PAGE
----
How Can You Build Trust With Your Clients And Give Your Business a Rock Solid Reputation? 

Image by Gerd Altmann from Pixabay

A few years ago, my husband and I were given an offer for free Universal Studios tickets. All we had to do was go listen to the condo sales pitch. You know where they swear it will only take you 90 minutes and you end up spending your whole afternoon. They give you the soft sell and then the hard sell, and if you don’t fall for that, it’s the harder sell. (Don’t you want to be able to give your family a vacation?!) 

For whatever reason, they caught us with our guard down, and we found ourselves buying into their story about why we needed this timeshare. I know, right? How could we be so naive?

We actually went through with it; we bought the lies and purchased the timeshare. It wasn’t until we got back to the hotel we were staying at, that we started to second guess our decision and started doing research and realized we were lied to.

Luckily, we had 3 days to cancel the sale, get our deposit back, and avoid what would’ve been a very messy situation.

Looking back at this situation, taught me a lot about how I want to operate my business. I don’t want to talk someone into hiring me. Everything needs to be clear upfront, so they know what to expect and I know I’m the best person to help them with their needs.

If you’re building your business for the long haul, you want to be honest and clear about your services and your prices. You don’t want your clients to experience “buyer’s remorse” like we did.

Here are some ways to build trust and make sure you and your client are a good fit.

1. Be Clear About Your Pricing

It’s never a pleasant feeling, to feel like you’ve been sold on a service that might not be a good fit. When it comes to building trust with your clients, being crystal clear about your pricing is essential.

The first step is to list your prices on your website. No one likes to guess or play the pricing game. When potential clients visit your site and can easily find what they’ll be paying, it sends a strong message that what they see is what they get. You’re being upfront and honest right from the start, and that’s a great way to earn their trust.

2. Have a Discovery Call

We’ve all been there – you get excited about a potential project, but then you realize it might not be the best fit. It’s happened to me, too. This is where having a discovery call can make all the difference.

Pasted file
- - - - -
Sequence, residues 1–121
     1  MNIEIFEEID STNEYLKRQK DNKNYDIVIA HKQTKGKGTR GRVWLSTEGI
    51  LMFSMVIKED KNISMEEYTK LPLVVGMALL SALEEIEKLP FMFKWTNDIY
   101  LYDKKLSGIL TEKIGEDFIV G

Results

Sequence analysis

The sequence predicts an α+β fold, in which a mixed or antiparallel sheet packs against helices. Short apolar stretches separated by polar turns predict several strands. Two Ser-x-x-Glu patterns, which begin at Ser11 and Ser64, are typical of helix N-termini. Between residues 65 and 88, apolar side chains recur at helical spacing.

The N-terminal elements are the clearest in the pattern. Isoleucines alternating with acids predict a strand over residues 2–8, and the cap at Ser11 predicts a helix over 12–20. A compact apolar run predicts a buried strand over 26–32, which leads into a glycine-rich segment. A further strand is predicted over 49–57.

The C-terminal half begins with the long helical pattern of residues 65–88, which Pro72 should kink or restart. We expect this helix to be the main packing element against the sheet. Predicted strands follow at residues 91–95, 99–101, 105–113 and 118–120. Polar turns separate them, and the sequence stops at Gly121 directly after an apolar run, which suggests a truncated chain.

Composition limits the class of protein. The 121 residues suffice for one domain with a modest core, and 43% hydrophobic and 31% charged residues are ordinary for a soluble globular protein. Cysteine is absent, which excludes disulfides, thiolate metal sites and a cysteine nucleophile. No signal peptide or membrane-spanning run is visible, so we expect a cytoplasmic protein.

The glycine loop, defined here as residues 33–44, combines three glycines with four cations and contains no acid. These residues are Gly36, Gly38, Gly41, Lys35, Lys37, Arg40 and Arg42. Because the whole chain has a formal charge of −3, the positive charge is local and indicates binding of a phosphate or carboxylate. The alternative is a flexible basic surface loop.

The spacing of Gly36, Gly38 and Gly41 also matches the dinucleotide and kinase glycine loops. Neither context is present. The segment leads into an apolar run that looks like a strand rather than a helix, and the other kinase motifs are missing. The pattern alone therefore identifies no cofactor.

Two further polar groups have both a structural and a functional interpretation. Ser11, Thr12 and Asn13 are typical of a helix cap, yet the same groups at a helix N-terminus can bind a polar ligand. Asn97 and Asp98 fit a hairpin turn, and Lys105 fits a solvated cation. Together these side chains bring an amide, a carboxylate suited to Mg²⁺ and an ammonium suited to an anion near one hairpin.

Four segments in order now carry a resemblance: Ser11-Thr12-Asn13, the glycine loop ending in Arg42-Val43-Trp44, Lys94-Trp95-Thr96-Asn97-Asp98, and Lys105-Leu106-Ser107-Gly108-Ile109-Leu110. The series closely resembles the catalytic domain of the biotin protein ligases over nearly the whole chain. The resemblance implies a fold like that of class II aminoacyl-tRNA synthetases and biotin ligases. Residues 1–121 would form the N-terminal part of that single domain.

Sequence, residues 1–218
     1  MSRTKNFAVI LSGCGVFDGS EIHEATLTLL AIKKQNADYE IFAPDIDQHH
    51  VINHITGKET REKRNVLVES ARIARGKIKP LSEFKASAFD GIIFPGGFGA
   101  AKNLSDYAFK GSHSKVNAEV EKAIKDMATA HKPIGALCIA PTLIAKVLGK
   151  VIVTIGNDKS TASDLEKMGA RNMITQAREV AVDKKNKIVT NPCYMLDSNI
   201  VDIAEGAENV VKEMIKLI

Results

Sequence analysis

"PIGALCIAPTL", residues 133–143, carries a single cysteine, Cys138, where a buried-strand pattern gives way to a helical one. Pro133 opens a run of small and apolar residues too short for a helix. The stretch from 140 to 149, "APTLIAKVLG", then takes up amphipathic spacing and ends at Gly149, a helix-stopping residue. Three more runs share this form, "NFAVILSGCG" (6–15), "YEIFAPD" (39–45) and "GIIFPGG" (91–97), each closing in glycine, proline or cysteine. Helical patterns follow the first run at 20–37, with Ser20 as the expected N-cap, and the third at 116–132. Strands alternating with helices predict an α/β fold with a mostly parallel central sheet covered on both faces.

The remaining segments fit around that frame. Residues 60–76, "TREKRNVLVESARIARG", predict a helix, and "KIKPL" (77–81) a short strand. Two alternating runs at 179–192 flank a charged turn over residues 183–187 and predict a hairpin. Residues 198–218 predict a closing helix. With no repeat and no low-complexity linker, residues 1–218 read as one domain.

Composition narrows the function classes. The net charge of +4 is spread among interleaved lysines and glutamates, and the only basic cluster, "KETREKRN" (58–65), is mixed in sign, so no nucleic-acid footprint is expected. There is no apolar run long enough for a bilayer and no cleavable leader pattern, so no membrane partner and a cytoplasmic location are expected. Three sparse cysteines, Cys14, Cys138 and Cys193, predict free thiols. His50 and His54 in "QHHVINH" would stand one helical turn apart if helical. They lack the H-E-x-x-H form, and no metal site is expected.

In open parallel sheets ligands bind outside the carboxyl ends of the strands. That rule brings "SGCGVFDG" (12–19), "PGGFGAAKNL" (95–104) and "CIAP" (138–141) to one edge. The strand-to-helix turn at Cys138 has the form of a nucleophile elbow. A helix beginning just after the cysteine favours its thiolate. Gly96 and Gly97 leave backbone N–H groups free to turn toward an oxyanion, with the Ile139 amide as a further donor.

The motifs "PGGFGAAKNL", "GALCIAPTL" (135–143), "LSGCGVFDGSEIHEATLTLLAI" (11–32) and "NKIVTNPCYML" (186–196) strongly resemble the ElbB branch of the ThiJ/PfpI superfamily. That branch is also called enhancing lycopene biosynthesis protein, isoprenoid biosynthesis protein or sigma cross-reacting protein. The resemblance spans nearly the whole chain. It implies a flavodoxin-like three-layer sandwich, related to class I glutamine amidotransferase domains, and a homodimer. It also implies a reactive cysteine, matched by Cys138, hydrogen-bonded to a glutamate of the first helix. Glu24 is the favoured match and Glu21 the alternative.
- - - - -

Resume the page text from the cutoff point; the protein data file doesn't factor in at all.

By taking the time to talk to your clients and understand their needs, you can ensure you’re the right person for the job. Sometimes, you might have to make the tough call and admit when something is outside your expertise. It’s not a failure; it’s a sign of professionalism and putting your clients and their needs first.

During a discovery call with a new, potential client I realized she needed in-depth help with Microsoft Outlook and that was outside my area of expertise. It was difficult to admit I couldn’t help her and, connect her with someone who had the expertise she needed, but it was what was best for her and her goals. It was the right call because she got what she needed, and I didn’t have to struggle to make myself fit when It was something I couldn’t do. I would’ve let my client down and my business is my clients.

3. Set Clear Expectations

The third key to building trust with your clients is to let them know what to expect from you. This involves not just what you’ll deliver but also when you’ll deliver it. It’s all about managing expectations.

If you promise the moon but can’t deliver, it’s going to lead to disappointment. Instead, be realistic about what you can accomplish in the time frame they need. It’s better to exceed their expectations than to leave them hanging and have them question their decision to hire you.

In Conclusion

Building trust with your clients is a long-term goal. It’s about being honest, transparent, and focused on delivering value.

When your clients feel they can trust you, they’ll not only be happy they hired you but are also likely to refer others to you. In the end, that’s the kind of reputation that builds a thriving and long-lasting business.

Have you ever been in a situation where you had “buyer’s remorse”?

Have you worked with someone who wasn’t a good fit for your needs?

How did you handle it? 

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